Could Georgia lose international support? Another critical letter from Washington
Georgian Prime Minister Giorgi Gakharia has received another critical letter from politicians in Washington D.C. on January 30.
The previous letter came on January 22, and it said that the Georgian government had abandoned promised democratic reforms, was persecuting political opponents, and that the investment climate in the country has deteriorated.
This time, the chairman of the US Senate Committee on Foreign Relations, James Risch, and member of this committee, Jeanne Shaheen, criticised the Georgian authorities.
This new letter is even more critical than the previous one. It specifically states:
“…we are increasingly concerned by recent events that indicate a weakening of Georgian democracy and governance. Two of the most pressing matters are Parliament’s failure to uphold its commitment to electoral reform and the government’s violent suppression of peaceful protests.
“In addition, the recent political targeting of opposition leaders through both formal and informal methods is further evidence of Georgia’s democratic backsliding.
“Further, we fear that a lack of progress on reforms and increased tensions within Georgia will only open the door for increased Russian meddling in the country and throughout the region.”
The main failures of the authorities: the struggle with political opponents and unequal election conditions
As in previous letters, the senators emphasize the progress Georgia has made since the collapse of the Soviet Union:
“In the 29 years since Georgia’s independence from the Soviet Union, we have watched democracy take root, the economy grow, civil society flourish, and governance improve dramatically”, they write.
“We both observed the 2012 parliamentary elections and were impressed with how Georgia had embraced these core tenets of democracy. For decades now, the United States has been eager to support Georgia as it developed,” the letter said.
During these elections, power changed in Georgia. The nine-year rule of the United National Movement – the party of President Mikheil Saakashvili – ended, the Georgian Dream party has come to power. For the first time in Georgia, power was changed through elections.
However, according to senators, all these successes are now being called into question.
Senators identified two major failures:
•Parliament has not fulfilled its obligation to conduct electoral reform,
•Government suppressed peaceful protests that began in Georgia after electoral reform failed in parliament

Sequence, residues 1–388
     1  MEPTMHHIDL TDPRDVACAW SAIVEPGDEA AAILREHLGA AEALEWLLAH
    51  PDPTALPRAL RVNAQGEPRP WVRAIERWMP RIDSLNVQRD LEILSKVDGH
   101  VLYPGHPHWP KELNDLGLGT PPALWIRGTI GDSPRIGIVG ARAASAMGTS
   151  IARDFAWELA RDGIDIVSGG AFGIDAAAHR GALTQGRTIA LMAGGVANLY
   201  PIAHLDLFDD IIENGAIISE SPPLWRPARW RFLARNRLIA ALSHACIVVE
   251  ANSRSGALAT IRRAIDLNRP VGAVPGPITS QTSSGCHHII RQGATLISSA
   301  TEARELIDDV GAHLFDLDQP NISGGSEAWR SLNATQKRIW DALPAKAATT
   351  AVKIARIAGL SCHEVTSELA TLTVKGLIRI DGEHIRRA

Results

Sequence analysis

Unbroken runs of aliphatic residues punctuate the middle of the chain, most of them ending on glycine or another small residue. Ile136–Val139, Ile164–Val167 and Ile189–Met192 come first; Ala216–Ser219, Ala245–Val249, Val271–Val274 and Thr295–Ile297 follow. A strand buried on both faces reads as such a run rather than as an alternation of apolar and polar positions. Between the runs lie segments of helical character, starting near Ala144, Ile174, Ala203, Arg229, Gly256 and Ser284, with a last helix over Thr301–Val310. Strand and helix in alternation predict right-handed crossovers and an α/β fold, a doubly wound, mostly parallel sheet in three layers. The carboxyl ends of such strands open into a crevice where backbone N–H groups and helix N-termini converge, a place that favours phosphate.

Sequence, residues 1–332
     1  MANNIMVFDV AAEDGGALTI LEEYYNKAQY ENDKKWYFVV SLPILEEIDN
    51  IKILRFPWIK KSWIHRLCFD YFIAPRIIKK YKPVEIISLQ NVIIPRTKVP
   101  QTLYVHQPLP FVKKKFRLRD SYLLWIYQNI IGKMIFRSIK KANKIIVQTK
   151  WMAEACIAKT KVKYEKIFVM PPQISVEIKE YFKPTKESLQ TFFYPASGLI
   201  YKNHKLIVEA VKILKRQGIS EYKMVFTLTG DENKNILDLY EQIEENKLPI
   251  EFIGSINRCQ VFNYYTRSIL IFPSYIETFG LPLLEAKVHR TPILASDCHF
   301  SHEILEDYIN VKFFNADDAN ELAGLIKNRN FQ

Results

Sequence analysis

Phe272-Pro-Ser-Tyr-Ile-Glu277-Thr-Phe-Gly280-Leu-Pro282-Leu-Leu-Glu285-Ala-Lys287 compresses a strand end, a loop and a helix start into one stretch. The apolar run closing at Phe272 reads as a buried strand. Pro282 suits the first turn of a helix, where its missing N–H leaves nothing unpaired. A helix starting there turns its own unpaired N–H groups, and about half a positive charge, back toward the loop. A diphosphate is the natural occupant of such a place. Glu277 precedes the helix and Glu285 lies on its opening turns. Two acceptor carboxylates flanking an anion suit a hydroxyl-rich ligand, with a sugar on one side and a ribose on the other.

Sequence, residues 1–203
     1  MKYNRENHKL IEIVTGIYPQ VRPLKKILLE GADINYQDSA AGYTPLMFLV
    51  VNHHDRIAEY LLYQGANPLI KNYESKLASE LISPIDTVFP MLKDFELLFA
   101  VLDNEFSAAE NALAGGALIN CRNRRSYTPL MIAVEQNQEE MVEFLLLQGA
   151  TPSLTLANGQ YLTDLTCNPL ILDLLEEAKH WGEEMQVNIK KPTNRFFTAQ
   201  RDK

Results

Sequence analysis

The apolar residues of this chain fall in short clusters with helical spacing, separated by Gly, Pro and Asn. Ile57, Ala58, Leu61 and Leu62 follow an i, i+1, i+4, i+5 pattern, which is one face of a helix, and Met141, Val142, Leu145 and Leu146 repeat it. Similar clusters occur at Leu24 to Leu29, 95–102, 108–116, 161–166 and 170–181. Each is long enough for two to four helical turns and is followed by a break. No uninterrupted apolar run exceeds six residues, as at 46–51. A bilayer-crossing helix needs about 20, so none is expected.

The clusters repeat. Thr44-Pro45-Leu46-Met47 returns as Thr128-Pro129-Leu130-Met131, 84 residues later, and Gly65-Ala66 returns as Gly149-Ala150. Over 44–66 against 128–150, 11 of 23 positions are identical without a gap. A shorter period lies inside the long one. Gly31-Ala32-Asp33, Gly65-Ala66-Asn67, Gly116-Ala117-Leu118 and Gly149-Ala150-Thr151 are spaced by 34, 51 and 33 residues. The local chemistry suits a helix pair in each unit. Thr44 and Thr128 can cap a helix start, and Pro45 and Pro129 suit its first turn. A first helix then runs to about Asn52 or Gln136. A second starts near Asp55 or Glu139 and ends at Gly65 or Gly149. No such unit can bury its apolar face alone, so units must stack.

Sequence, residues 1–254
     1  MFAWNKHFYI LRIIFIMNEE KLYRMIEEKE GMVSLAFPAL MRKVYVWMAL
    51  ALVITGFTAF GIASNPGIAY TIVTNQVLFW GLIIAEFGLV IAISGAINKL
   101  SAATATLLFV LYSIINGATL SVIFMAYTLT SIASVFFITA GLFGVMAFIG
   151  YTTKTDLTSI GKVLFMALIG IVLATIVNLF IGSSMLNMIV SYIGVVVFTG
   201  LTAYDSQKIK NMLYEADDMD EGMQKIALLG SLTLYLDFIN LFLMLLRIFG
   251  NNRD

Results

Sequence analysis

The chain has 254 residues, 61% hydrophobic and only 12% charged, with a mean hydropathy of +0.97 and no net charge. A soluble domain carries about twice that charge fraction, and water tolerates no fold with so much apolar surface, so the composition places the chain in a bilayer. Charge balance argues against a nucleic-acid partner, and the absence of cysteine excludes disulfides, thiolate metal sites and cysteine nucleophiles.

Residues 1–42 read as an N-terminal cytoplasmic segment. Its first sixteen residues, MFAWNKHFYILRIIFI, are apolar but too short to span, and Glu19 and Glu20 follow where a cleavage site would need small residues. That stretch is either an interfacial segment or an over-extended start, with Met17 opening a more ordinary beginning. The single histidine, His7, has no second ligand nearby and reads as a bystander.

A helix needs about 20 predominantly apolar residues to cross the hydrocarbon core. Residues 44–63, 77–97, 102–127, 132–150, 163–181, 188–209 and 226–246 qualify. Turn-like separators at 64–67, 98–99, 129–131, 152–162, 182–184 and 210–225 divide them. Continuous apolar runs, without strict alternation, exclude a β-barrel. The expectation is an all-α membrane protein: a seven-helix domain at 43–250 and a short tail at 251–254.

The letter says that attacks on opposition leaders are carried out by “people associated with the ruling party.”
The senators here, with a high degree of probability, had in mind an incident at the Tbilisi airport, where athletes attacked the leaders of the opposition party European Georgia Gigi Ugulava and Goka Gabashvili.
Senators also consider it suspicious that the investigation into cases against opposition leaders closed years ago has resumed. Senators suspect that the authorities are using the court to silence their opponents.
“Many will have to serve their sentences” – statement by the leader of the ruling party Bidzina Ivanishvili
The new letter once again expressed concern about the statement by the shadow leader of Georgia, Bidzina Ivanishvili, on television on November 28, when he predicted that his opponents would go to jail.
“This is a tragic situation. I do not like that they bang their heads against the wall, they have no chance. They do not sleep nights, they deceive each other that ‘not today – tomorrow they will come.’ They have no chance. At this time they are going all-in. They are spending a huge amount of energy. Some go for two days [to prison], some for a week. Some have minor injuries, some worse. Some have served [prison sentences] for many years, and many will have to, but they are sacrificing themselves.”
The opposition took this statement as a threat.
Judges as political allies
Particularly severe conclusions were drawn by the senators regarding judges appointed by the Parliament for life to the Supreme Court.
Quote from the letter:
“We are particularly concerned about the fact that the life-long appointment of 14 Supreme Court judges went without a full assessment of their qualifications. This undermines the judicial system of Georgia.
Will Georgia lose international support?
According to senators, Georgia has many friends and allies – but this support is not unconditional and can only be given to an “independent, democratic Georgia.”
Senators also believe that slowing down reforms and constant tension are good soil for “strengthening Russian meddling in the country and the region as a whole.”
Senators say they hope that the Georgian authorities will improve the situation and expect “quick action” from them.